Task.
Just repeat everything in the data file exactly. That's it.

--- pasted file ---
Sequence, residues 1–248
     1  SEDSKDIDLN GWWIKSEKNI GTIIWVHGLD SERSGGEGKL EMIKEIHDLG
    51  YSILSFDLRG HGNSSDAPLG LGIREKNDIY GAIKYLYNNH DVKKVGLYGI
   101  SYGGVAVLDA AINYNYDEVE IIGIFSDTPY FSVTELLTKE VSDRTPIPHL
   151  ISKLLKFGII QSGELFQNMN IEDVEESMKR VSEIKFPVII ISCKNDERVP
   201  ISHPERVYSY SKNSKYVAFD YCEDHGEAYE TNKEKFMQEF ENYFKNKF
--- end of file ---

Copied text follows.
Sequence, residues 1–248
     1  SEDSKDIDLN GWWIKSEKNI GTIIWVHGLD SERSGGEGKL EMIKEIHDLG
    51  YSILSFDLRG HGNSSDAPLG LGIREKNDIY GAIKYLYNNH DVKKVGLYGI
   101  SYGGVAVLDA AINYNYDEVE IIGIFSDTPY FSVTELLTKE VSDRTPIPHL
   151  ISKLLKFGII QSGELFQNMN IEDVEESMKR VSEIKFPVII ISCKNDERVP
   201  ISHPERVYSY SKNSKYVAFD YCEDHGEAYE TNKEKFMQEF ENYFKNKF